Mixed methods studies conducted in the U.S. and Sweden found that violent encounters altered the patient-provider relationship. Yet, some in the industry feel that exposures to violence do not cause stress or negatively impact providers. This lack of effect has been attributed to the internalization of the mentality that violence is a part of the job.  It has been posited that years of experience may be a protective factor that allows more experienced responders to experience less stress and anxiety after violent events. 

Evidence weighing the social and economic costs associated with increased violence and burnout is based mostly upon anecdotal evidence, with no assessments conducted on monetary value. Some suggest that, as violence increases, the need for police backup also increases, thereby increasing response time and delaying potentially critical care to a patient in need.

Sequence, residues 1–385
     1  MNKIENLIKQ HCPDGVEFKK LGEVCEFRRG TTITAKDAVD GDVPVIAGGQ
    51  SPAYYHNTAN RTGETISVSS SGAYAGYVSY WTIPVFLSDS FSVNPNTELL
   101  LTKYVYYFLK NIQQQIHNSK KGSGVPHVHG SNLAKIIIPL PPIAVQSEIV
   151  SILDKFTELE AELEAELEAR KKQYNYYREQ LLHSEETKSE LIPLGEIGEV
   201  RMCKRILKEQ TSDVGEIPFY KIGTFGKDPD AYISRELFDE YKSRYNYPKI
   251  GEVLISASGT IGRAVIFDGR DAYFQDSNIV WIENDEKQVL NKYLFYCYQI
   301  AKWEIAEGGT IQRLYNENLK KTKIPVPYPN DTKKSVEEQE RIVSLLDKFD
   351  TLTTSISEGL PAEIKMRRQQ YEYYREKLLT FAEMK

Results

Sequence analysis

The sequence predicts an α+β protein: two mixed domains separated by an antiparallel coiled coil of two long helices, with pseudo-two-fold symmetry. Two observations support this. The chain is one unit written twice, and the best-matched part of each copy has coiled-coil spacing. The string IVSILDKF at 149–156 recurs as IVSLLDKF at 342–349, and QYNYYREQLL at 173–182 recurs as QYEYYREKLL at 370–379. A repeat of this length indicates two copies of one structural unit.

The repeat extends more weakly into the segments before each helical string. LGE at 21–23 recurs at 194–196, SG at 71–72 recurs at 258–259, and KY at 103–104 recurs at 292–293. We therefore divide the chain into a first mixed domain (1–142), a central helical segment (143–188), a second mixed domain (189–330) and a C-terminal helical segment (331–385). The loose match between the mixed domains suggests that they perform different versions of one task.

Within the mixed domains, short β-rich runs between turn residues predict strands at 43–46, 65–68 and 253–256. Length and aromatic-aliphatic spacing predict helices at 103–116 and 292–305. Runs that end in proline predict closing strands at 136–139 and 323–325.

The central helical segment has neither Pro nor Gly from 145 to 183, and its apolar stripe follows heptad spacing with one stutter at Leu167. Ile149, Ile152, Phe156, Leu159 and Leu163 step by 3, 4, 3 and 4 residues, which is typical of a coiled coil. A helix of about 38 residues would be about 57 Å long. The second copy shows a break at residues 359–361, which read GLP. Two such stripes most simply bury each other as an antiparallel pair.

Other concerns include altered operations for the private sector of EMS. Intent to leave the profession is also a concern. As more EMS responders leave the profession, numerous organizational and patient impacts have been hypothesized, including increased costs for training new EMTs and paramedics, greater numbers of inexperienced paramedics serving at any one point in time, and increased error rates committed by new and inexperienced paramedics. EMS responders also report seeking a job change away from their ambulance role. In some cases, responders stated they lost interest in fieldwork and tried to get off the road and into desk positions. 

What’s clear is that not enough is being done to help first responders cope with occupational hazards and handling the stress that comes from it. That is going to change very soon. Stay  posted!

While you’re at it, why not thank those first responders randomly in the street for the great work they do. It goes a long way! They need you just as much as you will need them when you’re in a bind!